Will Poe finally reveal the truth about Annabel to Reynolds, or will he take the secret to his grave? Can Clay escape the Raven’s plot, discover what drives the Raven’s murderous obsession with Poe, and at long last answer the question, did Poe really kill Annabel Lee?
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TOO COLD TO TOUCH? POE AND THE GIRL BEHIND THE WALL
By Bruce Wetterau
Reprinted from the Mystery Readers Journal, The Journal of Mystery Readers International,
Vol. 37, Number 4, Winter 2021
How would you solve a murder mystery that wasn't discovered by police until a girl's skeleton was unearthed almost two hundred years after the fact? Surely there would be precious little left to go on. Suspects? Could have been just about anybody alive two hundred years ago. Clues? The blowing sands of time certainly would have wind-washed most of them to oblivion. No fingerprints, witness statements, or the other usual touchstones police rely on to catch a murderer. It's a cold case that in real life today probably would remain unsolved forever.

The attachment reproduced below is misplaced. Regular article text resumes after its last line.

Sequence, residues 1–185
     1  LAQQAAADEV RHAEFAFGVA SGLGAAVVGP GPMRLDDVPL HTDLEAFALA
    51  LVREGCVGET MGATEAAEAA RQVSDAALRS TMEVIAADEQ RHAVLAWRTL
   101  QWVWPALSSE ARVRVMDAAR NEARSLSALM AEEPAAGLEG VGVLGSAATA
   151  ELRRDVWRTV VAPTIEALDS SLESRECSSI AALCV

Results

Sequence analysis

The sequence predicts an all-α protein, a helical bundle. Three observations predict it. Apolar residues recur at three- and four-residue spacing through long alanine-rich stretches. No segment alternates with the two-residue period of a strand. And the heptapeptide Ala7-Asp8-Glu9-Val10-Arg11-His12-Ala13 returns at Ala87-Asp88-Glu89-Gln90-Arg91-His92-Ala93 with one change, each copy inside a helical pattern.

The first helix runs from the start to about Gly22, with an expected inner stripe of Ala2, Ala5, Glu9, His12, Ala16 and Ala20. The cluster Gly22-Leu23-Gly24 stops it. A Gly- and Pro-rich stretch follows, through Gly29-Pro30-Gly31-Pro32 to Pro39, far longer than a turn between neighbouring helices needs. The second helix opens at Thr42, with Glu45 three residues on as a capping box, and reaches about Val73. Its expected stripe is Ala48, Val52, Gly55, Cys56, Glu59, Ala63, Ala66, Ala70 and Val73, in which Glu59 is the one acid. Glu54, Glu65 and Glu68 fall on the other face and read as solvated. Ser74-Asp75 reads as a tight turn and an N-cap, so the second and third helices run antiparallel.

Except it can't. Because that's the goal I set for myself when I decided to write a story about Edgar Allan Poe as the prime suspect in a murder. I'll admit to being fascinated (and a bit torn) by the prospect of pinning suspicions of guilt on the author who penned classic stories of murder and mayhem and who is regarded as the father of the modern detective story. But his reputation begged the question, did he know so much about murder because, well, he'd committed one himself?
As a gleam in this author's eye, the idea struck me as deliciously ironic, if not downright deviously speculative. It also promised a multitude of possible allusions to stories Poe wrote and a host of intriguing possible subtexts too. Which is to say, I couldn't resist the idea. But in the early days of planning my novel, the mechanics of constructing the mystery, fitting it into Poe's life, and proving Poe guilty or innocent of a crime so long ago seemed all but impossible. Sometimes I wonder why the heck I make things so hard on myself.